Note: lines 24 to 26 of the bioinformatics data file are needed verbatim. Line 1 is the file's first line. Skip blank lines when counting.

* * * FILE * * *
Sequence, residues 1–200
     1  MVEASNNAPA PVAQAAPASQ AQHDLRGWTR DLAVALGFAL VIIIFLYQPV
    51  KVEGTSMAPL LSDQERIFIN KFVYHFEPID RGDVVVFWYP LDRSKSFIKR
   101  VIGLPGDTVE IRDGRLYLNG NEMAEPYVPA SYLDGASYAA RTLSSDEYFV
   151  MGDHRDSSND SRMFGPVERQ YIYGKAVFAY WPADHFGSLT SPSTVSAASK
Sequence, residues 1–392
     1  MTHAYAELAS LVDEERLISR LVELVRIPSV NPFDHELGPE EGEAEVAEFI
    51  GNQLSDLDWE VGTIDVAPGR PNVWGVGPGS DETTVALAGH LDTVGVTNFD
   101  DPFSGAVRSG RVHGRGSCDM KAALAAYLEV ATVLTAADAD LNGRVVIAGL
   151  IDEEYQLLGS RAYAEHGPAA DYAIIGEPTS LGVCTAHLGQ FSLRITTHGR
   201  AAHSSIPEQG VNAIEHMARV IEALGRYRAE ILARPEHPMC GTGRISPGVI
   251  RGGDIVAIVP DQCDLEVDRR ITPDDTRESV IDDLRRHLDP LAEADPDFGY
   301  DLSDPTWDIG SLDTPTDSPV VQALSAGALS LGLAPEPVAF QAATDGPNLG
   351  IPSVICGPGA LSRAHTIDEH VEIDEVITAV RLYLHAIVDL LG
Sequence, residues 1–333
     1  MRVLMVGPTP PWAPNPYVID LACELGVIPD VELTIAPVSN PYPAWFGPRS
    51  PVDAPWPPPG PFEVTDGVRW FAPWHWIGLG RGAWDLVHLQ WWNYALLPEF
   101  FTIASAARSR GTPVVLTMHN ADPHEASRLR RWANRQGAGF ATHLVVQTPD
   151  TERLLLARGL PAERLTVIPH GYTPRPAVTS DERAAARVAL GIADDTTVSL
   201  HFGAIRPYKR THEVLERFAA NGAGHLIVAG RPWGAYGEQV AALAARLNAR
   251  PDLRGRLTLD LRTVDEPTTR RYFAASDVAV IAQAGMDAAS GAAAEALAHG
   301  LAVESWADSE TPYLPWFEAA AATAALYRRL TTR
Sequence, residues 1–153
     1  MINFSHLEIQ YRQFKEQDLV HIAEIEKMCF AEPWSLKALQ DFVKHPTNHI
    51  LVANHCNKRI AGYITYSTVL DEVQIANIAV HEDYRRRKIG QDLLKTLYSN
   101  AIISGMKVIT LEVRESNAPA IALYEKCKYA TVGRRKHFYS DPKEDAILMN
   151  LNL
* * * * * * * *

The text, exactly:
     1  MINFSHLEIQ YRQFKEQDLV HIAEIEKMCF AEPWSLKALQ DFVKHPTNHI
    51  LVANHCNKRI AGYITYSTVL DEVQIANIAV HEDYRRRKIG QDLLKTLYSN
   101  AIISGMKVIT LEVRESNAPA IALYEKCKYA TVGRRKHFYS DPKEDAILMN